Possibilities offered by the Information Communication Technologies (ICTs) and Democratization of Education

Globally, there has been a push to use technology in the formal education system at all levels. Approximately from the middle of the 20th century to the first quarter of the 2020 calendar year, the inclusion of technology as a learning delivery tool had been steadily increased but not forcefully. Certainly, ICTs and its application to education were gradually being incorporated in the education model as a cost-effective apparatus in response to the high demand for education including at the tertiary level, both in developing and industrial countries. Many eUniversity programs, comprise of a dual-mode in which distance learning is envisioned as a supplement to, or side-by-side with, the regular face-to face learning within classical brick-and-mortar institutions. In addition, there has been an increasing number of single-mode programs of distance learning in open and distance education institutions of higher learning that operate entirely as virtual portals.

Nevertheless, no one in any country or institution anticipated, let alone prepared for, the abrupt switch to the virtual user interface in instruction and learning across the globe since March 2020 as well as adhering to the directives of social distancing and hygiene imposed by COVID-19 mandates worldwide. Industrial countries with a high level of technological development and impoverished nations with dismal technological infrastructure were forced to shut down all educational facilities with the objective of flattening the curve related to the pathogen.

In some cases, the decisions by stakeholders, educational policy makers, and political leaders were impromptu, and educators were expected to, in one form or another, leapfrog to distance learning. While the immediate concern was on physical security, concerns about the immediate and medium-term provision of continuity in educational learning required pressing and practical responses.

Daniel Boorstin (1978) argues in The Republic of Technology: Reflections on our Future Community, (p. 3) that technology is a democratizing tool, while Gerald Sussman (1997: 21), further states that “The modern history of technology is tied to the quest for markets, market power.”

In the context of the ongoing debate of the re-organization of education using technology, democratization and equal access for all population segments anywhere is at the center. Democratization involves the process(es) of addressing the “availability of education to as many as possible number of children and the right to upbringing, education and schooling to all citizens of a nation, without discrimination in terms of gender, language, religion, class and race” (Murati, 2015: 174); “…giving social justice and rendering equal treatment for achievement in education” (Madumere & Olisaemeka, 2011: 2).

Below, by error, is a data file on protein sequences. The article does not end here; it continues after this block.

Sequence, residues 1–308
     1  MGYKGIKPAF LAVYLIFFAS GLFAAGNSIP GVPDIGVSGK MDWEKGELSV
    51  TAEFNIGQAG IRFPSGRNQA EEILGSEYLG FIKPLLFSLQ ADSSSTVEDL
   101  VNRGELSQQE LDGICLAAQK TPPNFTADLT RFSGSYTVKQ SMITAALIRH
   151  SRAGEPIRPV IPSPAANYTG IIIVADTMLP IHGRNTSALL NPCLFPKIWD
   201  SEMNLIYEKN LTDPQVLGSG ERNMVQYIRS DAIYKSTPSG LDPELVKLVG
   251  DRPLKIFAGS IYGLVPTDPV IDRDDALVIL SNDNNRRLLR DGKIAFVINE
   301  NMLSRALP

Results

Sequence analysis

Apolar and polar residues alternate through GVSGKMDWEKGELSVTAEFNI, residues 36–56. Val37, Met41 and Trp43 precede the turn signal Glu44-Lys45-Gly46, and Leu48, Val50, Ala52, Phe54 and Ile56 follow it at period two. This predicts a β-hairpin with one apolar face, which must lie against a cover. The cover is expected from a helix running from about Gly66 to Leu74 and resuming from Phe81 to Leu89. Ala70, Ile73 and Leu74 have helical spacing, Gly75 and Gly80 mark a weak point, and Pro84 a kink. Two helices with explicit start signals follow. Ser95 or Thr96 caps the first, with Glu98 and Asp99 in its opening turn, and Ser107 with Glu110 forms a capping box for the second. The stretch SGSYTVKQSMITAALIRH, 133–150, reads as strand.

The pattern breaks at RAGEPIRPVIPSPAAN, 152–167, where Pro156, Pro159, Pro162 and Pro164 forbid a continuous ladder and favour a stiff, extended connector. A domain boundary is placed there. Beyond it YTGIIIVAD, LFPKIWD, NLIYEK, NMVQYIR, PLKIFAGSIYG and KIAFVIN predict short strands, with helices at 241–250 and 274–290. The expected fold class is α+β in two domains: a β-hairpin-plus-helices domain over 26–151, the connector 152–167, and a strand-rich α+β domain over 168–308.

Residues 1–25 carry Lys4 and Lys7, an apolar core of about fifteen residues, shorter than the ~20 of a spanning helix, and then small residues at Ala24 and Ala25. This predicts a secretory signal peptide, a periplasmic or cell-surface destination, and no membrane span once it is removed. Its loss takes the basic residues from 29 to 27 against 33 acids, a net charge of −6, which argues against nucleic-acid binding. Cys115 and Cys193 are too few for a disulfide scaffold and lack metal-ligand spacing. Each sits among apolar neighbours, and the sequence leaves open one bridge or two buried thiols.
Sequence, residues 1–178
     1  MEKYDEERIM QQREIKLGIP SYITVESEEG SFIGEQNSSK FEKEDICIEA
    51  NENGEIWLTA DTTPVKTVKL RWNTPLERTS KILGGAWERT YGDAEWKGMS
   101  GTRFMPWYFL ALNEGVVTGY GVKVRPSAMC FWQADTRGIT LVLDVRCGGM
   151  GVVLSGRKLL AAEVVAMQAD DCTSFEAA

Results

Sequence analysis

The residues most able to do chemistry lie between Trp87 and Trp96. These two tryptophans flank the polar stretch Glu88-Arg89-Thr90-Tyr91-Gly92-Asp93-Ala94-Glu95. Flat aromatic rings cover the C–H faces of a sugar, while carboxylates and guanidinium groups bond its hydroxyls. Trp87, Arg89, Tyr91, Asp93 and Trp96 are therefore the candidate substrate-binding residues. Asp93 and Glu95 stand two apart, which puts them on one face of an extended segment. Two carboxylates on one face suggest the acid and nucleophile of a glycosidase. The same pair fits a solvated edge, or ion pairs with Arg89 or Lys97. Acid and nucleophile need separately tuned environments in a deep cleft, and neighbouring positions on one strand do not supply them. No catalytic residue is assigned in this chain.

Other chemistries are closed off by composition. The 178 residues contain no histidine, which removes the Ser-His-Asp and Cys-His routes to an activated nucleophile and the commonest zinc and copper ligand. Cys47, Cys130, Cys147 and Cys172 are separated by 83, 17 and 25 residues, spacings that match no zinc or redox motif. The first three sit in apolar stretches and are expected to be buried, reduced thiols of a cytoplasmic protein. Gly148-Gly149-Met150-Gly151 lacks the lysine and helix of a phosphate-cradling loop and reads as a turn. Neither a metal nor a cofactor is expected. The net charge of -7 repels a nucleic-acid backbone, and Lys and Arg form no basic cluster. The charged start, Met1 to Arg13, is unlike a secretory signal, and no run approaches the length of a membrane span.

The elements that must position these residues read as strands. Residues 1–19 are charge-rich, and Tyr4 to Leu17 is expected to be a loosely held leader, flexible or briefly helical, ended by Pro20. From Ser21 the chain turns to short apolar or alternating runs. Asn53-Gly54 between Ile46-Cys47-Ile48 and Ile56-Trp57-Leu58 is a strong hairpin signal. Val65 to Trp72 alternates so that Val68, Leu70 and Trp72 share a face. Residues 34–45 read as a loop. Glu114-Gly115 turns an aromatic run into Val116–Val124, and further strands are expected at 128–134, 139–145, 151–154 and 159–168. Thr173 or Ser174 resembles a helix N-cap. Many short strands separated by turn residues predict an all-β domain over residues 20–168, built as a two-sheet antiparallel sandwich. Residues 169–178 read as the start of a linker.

It is important to critically examine various dimensions of ICTs and distance learning with educational implications and access for all, pedagogy, and actual learning. Considering the inevitable evolution of the utilization of technology and various forms of distance learning programs, it is necessary for educators, policymakers, and researchers in the field of education, to scrutinize, understand, and address the many aspects of education processes presently impacted by technology.

Although many of the issues raised are not new, education systems across the globe have been hard-pressed to embrace technology in the education and learning domain due to the Coronavirus/COVID-19. A dire situation is widespread particularly in many developing countries in the global South namely: Southeast Asia, Africa, central and south America, the Caribbean and many Island countries in the world, that are met with issues of Internet connectivity, accessibility and exorbitant prices for wi-fi. Similarly, in some of the industrialized and technologically advanced countries, social inequality is inextricably linked to efficacy of the learning space and use of technology.

In “Online Learning Communities in Africa: The UNISA Case Study,” Philip Higgs, Van Niekerk and Heydenrych (2003) contend that the recent advances of technology in the global context and its application to education, have unique, specific, and major implications for higher education, for instance, especially on the African continent. They argue that the process of the democratization of education is pegged on an increasing social demand for higher education that requires creative ways and innovative responses. Their study focusses on University of South Africa (UNISA) as a case in point because of its longest experience in distance learning and technology. Higgs et al, state that the subsequent adoption of online-distance and open-learning approaches enhances education processes. According to the authors, the African philosophy of uBuntu shaped the pedagogy and learning experience influenced profoundly by constructivism in its education platforms. As reflections on technical policy and analysis perspective emerge, ICTs in the education process and  distance-learning paradigms are contextualized within a power-relation framework. The local quest for ownership challenges the notion of technology as a neutral tool in assisting developing countries.  This argument is also relevant for marginalized communities in industrialized countries.